- Graphic by athree23 courtesy of Pixabay.

Graphic by athree23 courtesy of Pixabay.

There are various moving parts in fleet, and COVID-19 has impacted the many facets of the industry, including its wide range of industry partners. Fleets are wondering how support from their partners may be altered by this disease.

"As you’d expect, clients have been focused on the continuity of their respective businesses. That said, we have received questions around the status of vehicle acquisitions, deliveries, registrations, and essential versus non-essential business clarifications," said Steven Jastrow, VP Strategic Consulting and Analytics, Element Fleet Management.

From a broader perspective, these partners include the OEMs, dealerships, transportation logistics, maintenance suppliers, accident management solutions providers, and much more.

“The conversation continues to change shape. We are closely aligned in our relationships with our clients. Delivering proactively, providing consultation services to maneuver through COVID-19,” said Carolyn Edwards, SVP of Client Success, LeasePlan USA. “There is no roadmap for such a challenge, but by utilizing our expertise and industry expertise - we have developed some creative solutions for our clients. Funding solutions, maintenance recommendations and how to communicate to their fleet drivers, executive leadership and with their LeasePlan team members.”

But every fleet is different, which means different operations are approaching their handling of COVID-19 in ways that are specific to them, including the size of the fleet.

“Larger fleets have generally been concerned about operational impacts: they want to make sure they can still pick up vehicles or are asking about delivery to dealers, especially for vehicles that are for essential uses,” said Tom Coffey, senior VP of sales & consulting, Merchants Fleet. “They are also asking if service partners are still available to schedule preventive and non-preventive maintenance. Small fleets may be more sensitive to near-term changes and economic impacts due to the virus, so we have been working with them on customized and flexible offerings to meet their new and changing needs.”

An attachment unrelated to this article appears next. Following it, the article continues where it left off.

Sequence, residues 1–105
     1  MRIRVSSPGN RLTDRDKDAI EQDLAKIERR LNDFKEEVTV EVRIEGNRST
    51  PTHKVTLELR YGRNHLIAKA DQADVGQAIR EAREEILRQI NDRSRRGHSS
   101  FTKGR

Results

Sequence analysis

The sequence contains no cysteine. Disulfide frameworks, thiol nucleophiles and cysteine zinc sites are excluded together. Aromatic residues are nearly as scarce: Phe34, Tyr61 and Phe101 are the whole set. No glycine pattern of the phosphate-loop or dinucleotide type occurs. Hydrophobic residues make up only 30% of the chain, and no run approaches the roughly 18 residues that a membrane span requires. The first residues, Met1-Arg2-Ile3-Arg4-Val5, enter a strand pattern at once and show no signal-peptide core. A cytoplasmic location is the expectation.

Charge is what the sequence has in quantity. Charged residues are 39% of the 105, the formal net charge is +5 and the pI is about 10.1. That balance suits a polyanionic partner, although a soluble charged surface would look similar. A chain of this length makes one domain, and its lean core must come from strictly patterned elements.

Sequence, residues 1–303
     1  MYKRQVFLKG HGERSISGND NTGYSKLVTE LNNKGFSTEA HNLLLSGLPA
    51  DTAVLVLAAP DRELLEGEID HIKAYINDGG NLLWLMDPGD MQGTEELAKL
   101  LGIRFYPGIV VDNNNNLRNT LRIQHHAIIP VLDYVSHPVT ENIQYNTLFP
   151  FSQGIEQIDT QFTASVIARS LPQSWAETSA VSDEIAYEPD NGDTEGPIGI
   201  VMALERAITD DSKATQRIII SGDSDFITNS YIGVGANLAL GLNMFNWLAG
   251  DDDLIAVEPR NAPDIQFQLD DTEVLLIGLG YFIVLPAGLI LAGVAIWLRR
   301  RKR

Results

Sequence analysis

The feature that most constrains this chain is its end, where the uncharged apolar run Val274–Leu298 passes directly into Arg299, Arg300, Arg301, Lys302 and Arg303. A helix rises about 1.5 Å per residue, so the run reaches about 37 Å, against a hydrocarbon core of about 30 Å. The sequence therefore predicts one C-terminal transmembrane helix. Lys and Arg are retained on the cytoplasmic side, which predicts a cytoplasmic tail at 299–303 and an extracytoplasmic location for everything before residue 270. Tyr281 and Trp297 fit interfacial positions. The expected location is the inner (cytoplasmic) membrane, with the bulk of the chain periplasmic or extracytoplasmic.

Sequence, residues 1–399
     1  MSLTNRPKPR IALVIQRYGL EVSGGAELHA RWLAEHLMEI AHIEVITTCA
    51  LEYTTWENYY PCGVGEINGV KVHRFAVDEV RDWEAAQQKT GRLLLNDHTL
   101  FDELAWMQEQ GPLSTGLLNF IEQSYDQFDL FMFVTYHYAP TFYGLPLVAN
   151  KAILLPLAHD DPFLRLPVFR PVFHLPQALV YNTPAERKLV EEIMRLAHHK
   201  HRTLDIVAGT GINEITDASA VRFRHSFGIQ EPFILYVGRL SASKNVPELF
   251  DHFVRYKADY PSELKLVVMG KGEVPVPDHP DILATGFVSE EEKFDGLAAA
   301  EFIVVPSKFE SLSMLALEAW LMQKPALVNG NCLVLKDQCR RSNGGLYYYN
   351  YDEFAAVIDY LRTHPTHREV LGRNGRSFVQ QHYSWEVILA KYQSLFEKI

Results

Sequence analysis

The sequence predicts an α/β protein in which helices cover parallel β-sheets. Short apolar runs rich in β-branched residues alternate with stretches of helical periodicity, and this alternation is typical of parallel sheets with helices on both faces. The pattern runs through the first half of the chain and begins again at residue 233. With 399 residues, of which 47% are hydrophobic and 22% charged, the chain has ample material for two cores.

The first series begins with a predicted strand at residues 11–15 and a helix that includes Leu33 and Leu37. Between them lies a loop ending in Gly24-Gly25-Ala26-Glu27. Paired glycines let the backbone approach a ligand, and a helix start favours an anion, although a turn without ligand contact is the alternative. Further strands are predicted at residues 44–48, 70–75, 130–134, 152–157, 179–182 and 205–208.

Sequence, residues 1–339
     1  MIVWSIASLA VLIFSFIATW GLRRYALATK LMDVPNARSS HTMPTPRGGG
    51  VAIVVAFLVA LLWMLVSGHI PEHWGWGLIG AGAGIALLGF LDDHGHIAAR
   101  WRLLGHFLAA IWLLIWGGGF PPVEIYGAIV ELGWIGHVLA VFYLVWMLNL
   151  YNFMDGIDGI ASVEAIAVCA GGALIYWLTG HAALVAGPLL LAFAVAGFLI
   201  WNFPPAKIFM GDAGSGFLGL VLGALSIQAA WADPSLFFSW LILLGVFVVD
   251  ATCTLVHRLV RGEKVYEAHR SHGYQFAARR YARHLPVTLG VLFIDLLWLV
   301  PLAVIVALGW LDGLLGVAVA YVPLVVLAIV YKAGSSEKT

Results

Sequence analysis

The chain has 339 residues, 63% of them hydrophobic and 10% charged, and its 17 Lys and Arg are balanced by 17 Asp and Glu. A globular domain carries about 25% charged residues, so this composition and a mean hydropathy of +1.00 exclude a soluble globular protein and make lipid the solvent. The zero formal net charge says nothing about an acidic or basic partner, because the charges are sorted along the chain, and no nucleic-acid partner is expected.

But, more simply, trying to identify how the future of this pandemic might play out is a top concern mentioned among fleet managers.

And while FMCs are doing their best to support, the unpredictability of the situation has made it difficult to alleviate the ongoing stresses.

“Our clients appear to be the most concerned about simply not knowing what the future will bring,” said Amy Hudson, VP, Client Experience, Mike Albert Fleet Solutions. “The uncertainty around how long this crisis will last and attempting to align financial planning with an undetermined time frame is causing a great deal of angst. Most all organizations are doing their best to minimize the financial impact and conserve cash reserves.”

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